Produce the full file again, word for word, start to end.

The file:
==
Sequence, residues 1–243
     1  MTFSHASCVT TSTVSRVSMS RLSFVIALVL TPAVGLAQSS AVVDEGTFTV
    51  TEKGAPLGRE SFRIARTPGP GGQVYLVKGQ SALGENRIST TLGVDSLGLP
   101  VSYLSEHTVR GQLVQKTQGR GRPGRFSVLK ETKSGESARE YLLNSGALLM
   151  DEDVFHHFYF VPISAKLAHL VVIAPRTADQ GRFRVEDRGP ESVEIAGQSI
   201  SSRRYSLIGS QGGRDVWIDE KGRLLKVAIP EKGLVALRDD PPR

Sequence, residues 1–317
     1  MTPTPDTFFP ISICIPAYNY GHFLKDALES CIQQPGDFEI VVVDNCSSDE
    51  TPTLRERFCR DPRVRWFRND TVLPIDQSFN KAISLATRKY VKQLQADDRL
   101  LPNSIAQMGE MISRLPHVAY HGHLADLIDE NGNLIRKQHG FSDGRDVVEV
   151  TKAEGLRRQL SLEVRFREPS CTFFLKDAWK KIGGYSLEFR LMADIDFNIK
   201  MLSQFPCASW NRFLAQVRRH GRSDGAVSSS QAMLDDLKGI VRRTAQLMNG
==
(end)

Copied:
Sequence, residues 1–243
     1  MTFSHASCVT TSTVSRVSMS RLSFVIALVL TPAVGLAQSS AVVDEGTFTV
    51  TEKGAPLGRE SFRIARTPGP GGQVYLVKGQ SALGENRIST TLGVDSLGLP
   101  VSYLSEHTVR GQLVQKTQGR GRPGRFSVLK ETKSGESARE YLLNSGALLM
   151  DEDVFHHFYF VPISAKLAHL VVIAPRTADQ GRFRVEDRGP ESVEIAGQSI
   201  SSRRYSLIGS QGGRDVWIDE KGRLLKVAIP EKGLVALRDD PPR

Sequence, residues 1–317
     1  MTPTPDTFFP ISICIPAYNY GHFLKDALES CIQQPGDFEI VVVDNCSSDE
    51  TPTLRERFCR DPRVRWFRND TVLPIDQSFN KAISLATRKY VKQLQADDRL
   101  LPNSIAQMGE MISRLPHVAY HGHLADLIDE NGNLIRKQHG FSDGRDVVEV
   151  TKAEGLRRQL SLEVRFREPS CTFFLKDAWK KIGGYSLEFR LMADIDFNIK
   201  MLSQFPCASW NRFLAQVRRH GRSDGAVSSS QAMLDDLKGI VRRTAQLMNG